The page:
Quarry Hill
Price: $A18
Closure: Stelvin
Source: Sample

Tyrrell's Canberra District Shiraz 2008

No red Hunters worth making from the 2008 vintage; hence, Tyrrell’s turned to other regions to source fruit for its premiums, the result being this Canberra Shiraz amongst other things. I like Canberra Shiraz — for its flavour profile and weight in particular — so this wine appeared adequate compensation for missing out on a vintage of Hunter beauties. Also, I see some broad similarities between Hunter and Canberra Shiraz, climates notwithstanding, so I am interested to see how Tyrrell’s has handled the style.

Very fragrant, with dark red berries and a bit of spice; this seems quite a ripe aroma profile, so the spice is downplayed in favour of juicy fruit and general generosity. The oak is a bit obvious in character but its volume is well controlled, allowing the fruit to speak first. 
The palate is very generous and round, and it has all held up well over two days of tasting. Weight is medium bodied, and structurally the wine has quite firm acid to prop up its flow through the mouth, along with a smattering of dry, dusty tannins on the after palate. On entry, quite tingly and bright, acid registering before much else, then juicy blackberries driving through the middle palate. There’s abundant flavour, and edges of black pepper, though I wish for a bit more complexity to the fruit character. I feel almost as if this is a blending component of a finished wine, that it could benefit from a little extra something. What’s here, though, is delicious and drinkable, so one shouldn’t complain too much.

Price: $A33
Closure: Stelvin
Source: Retail

Clonakilla O'Riada Shiraz 2008

The second release of this wine, again made from non-Estate fruit. I really enjoyed the previous vintage; it struck me as both quite Canberran but also refreshingly different from the flagship Shiraz Viognier label. The 2008 continues in this vein.

This seems a bit quieter and more resolved than the 2007. I recall the earlier wine as lively, edgy and bright. This, while firmly red-fruited and medium bodied, seems composed and calm too. The nose shows what appears to be whole bunch characters, with a funky stalkiness that never entirely blows off, even as it integrates with intense black pepper and spiced plum fruit. The aroma profile is quite complex, though it’s not one of those wines that feels the need to parade its complexity in the precocious manner of a contestant in a toddler’s beauty pageant.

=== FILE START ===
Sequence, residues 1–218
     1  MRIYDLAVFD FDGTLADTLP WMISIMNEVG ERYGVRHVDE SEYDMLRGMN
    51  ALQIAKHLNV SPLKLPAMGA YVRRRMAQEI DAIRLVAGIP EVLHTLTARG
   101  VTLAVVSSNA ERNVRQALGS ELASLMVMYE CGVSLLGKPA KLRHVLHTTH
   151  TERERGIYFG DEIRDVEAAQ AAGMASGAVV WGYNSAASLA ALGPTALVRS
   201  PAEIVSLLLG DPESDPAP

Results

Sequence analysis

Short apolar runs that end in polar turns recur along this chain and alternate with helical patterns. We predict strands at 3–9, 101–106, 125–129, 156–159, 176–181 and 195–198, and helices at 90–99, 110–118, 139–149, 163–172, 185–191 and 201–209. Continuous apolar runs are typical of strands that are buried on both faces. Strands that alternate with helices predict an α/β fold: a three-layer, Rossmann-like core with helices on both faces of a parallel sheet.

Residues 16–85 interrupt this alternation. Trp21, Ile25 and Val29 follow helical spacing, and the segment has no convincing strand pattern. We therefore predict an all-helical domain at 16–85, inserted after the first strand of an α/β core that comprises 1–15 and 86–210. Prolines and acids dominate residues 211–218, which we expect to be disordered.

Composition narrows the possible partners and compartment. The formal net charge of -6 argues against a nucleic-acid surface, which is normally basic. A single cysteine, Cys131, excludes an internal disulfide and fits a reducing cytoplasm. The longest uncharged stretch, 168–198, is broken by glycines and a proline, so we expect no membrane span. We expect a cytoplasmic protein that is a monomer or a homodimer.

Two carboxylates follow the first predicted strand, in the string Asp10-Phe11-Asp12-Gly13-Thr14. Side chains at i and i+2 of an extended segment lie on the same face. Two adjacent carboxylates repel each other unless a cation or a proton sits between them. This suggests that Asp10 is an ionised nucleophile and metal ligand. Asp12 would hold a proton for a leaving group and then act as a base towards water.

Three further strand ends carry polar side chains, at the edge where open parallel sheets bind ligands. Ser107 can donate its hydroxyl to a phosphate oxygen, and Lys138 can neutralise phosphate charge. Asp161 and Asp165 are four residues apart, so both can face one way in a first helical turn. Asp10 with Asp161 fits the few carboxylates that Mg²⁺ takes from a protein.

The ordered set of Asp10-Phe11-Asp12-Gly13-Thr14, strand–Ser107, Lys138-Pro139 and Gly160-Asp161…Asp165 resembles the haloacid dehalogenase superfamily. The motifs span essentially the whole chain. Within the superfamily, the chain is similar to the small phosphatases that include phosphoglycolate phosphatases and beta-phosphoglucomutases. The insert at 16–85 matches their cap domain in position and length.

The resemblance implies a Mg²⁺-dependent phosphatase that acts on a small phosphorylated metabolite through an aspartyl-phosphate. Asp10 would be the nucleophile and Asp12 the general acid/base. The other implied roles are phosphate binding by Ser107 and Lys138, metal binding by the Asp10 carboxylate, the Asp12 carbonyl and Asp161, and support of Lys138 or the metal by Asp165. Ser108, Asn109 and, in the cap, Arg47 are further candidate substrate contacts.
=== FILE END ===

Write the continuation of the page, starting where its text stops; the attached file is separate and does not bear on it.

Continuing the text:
The palate is soothingly resolved, remarkably so for such a young wine. There’s plenty of up-front flavour, more spice and red fruit along with an umami influence that adds a particular deliciousness to the flavour profile. The middle palate gets a bit brighter, with acid driving a relatively high toned set of flavours that are generous without ever entirely relaxing on the tongue. The stalk-like notes translate here as a medicinal influence, attractive and sympathetic to the fruit flavours. A nimble after palate and finish round things off well, with good length.
Very attractive, satisfying wine with excellent drinkability. In time, it may improve and gain greater presence across the spectrum of its flavours, from top to bottom. I would not feel guilty about drinking it now, though, as there’s a lot of enjoyment to be had in the immediate term. 
Update: after two days, this has filled out beautifully without losing an ounce of elegance. Super wine.

Price: $A35
Closure: Stelvin
Source: Retail

Shaw Laughter Series Riesling 2009

One of the great things about Riesling is the high quality frequently obtainable at lower price points. Unlike with, say, Pinot Noir, a $15 RRP doesn’t automatically equal diminished expectations. Indeed, I’ve had some cracking Rieslings over the years that have come in well under the $15 mark. All of which is to suggest my approach to this wine is not at all one of patient generosity or pre-emptive forgiveness.

Happily, this is a really good, quite delicious Canberra Riesling. The regional emphasis on flowers, talc and stone is there in abundance, coupled to rich preserved lemon fruit notes, edging very slightly towards pineapple. Aromas are a little blocky, but they present coherently and there’s a vivaciousness to the aroma profile that is most pleasing.
The palate is equally fun, with a well balanced presence in the mouth. The entry is slow to take off, but builds to a middle palate of mineral and citrus fruit notes in equal measure. The fruit character is straightforward, with perhaps a hint of mandarin, and has surprising persistence. It’s a bit simple, but so are many enjoyable things. The after palate is fruit driven, though with a drying undercurrent, and the length here is remarkable given the modest price tag and stylistic aspirations of the wine – it seems to go on and on.